Unlike the UK, blogging (online publishing and peer to peer feedback) is big in the US.
It is also increasingly used in the US as a powerful mediator of the truth.
Mazda got themselves into some very hot water recently when they put up a spoof blog and were found out
The blog, "HalloweenM3," was posted on Google's blog-hosting service, Blogger.com, in mid-October. It was supposedly written by a 22-year-old photo assistant who calls himself Kid Halloween and whose personal profile contained a list of favorite movies that included lengthy car chase scenes. The blog's only two entries both linked to video featuring Mazda M3's commercials.
Curiously these ads also appeared on Mazda's ad agency website.
"What happened to Mazda perfectly illustrates how bloggers are holding advertisers to much higher levels of accountability," he said, adding, "the net cost to Mazda is much greater than meets the eye, and Mazda now needs to deal with the ugly reality of this mishap resurrecting itself every time a consumer–or a media writer or a financial analyst–Googles the term 'Mazda blog.'"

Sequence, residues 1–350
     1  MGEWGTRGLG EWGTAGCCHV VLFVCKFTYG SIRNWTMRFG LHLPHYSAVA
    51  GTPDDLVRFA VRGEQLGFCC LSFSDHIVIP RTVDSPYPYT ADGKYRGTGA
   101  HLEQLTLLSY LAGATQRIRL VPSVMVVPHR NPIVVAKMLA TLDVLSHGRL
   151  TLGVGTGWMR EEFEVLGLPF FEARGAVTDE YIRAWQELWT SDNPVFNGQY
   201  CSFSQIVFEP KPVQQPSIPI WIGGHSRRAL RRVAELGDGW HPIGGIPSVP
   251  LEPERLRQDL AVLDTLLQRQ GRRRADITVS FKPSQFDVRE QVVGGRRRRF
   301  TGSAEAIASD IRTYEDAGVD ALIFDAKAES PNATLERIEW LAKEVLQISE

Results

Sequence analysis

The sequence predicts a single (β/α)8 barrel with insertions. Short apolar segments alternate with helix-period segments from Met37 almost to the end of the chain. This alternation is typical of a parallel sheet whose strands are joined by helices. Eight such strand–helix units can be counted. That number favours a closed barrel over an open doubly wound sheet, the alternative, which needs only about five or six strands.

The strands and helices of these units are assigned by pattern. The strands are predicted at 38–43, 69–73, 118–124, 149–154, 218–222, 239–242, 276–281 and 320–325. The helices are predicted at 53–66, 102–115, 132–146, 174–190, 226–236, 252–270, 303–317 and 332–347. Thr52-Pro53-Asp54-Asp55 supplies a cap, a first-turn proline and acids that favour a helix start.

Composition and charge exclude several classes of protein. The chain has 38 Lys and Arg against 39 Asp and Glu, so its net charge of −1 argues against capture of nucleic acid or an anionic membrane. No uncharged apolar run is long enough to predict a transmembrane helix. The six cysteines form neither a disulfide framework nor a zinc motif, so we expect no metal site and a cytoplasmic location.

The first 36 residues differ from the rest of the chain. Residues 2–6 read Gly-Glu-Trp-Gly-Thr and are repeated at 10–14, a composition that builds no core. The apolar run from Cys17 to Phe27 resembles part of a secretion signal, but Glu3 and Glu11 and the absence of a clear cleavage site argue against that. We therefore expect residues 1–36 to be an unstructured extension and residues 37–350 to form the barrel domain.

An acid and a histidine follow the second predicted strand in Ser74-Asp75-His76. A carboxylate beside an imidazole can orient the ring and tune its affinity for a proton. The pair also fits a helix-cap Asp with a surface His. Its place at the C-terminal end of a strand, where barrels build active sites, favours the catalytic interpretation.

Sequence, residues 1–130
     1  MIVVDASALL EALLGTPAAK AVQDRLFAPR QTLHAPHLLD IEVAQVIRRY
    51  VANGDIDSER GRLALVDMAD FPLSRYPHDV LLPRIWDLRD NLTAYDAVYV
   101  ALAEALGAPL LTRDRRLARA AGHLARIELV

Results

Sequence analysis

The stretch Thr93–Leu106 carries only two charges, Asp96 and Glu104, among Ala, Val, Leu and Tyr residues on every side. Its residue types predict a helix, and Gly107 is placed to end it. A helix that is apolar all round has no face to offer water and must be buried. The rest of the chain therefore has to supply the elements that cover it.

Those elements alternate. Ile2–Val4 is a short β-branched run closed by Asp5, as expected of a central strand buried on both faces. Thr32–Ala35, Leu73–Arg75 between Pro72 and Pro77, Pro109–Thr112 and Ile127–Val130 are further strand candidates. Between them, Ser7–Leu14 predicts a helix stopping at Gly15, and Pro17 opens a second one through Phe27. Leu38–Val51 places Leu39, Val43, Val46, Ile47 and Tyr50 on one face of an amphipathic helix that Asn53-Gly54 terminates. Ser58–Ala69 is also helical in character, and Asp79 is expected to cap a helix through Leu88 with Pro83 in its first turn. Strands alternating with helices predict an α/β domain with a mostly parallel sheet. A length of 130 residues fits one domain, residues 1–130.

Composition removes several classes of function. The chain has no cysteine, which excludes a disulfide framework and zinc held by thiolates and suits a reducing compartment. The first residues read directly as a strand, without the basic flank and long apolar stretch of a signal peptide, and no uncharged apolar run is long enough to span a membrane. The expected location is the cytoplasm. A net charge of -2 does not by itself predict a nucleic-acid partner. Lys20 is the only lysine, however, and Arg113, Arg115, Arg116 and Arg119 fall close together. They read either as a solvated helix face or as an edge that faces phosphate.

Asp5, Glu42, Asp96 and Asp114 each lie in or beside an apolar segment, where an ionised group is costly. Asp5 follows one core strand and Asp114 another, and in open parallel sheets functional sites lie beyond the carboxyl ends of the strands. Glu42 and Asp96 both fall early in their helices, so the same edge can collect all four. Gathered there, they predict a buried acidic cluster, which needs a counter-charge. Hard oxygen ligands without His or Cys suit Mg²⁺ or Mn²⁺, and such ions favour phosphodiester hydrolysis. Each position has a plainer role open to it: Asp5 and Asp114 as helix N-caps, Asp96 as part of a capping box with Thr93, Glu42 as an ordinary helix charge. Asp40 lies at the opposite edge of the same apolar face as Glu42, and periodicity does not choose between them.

The move for brands into any form of content must be done with transparency. This is truly not hard to do, but the consequences of being found out when you pretend to be something you are not creates; loss of trust, media frenzy, Heinz Dinner Doctors for example, and a general feeling about the brand which feeds our cynicism with brands that try to coerce us via stealth, through their marketing.
Additional reading: News, blogs and broadcast
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